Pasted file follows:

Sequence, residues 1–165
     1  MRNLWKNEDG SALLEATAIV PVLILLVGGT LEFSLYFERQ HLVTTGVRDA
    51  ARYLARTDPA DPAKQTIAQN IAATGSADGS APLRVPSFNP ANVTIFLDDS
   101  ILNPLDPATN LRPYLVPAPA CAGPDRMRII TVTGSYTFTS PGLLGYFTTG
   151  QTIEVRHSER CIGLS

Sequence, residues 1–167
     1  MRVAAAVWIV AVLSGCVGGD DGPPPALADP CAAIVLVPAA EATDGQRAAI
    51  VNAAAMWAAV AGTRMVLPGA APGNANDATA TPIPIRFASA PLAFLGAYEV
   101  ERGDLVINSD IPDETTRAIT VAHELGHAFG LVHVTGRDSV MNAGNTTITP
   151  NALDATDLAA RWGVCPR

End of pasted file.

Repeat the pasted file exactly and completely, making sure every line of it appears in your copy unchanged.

Sequence, residues 1–165
     1  MRNLWKNEDG SALLEATAIV PVLILLVGGT LEFSLYFERQ HLVTTGVRDA
    51  ARYLARTDPA DPAKQTIAQN IAATGSADGS APLRVPSFNP ANVTIFLDDS
   101  ILNPLDPATN LRPYLVPAPA CAGPDRMRII TVTGSYTFTS PGLLGYFTTG
   151  QTIEVRHSER CIGLS

Sequence, residues 1–167
     1  MRVAAAVWIV AVLSGCVGGD DGPPPALADP CAAIVLVPAA EATDGQRAAI
    51  VNAAAMWAAV AGTRMVLPGA APGNANDATA TPIPIRFASA PLAFLGAYEV
   101  ERGDLVINSD IPDETTRAIT VAHELGHAFG LVHVTGRDSV MNAGNTTITP
   151  NALDATDLAA RWGVCPR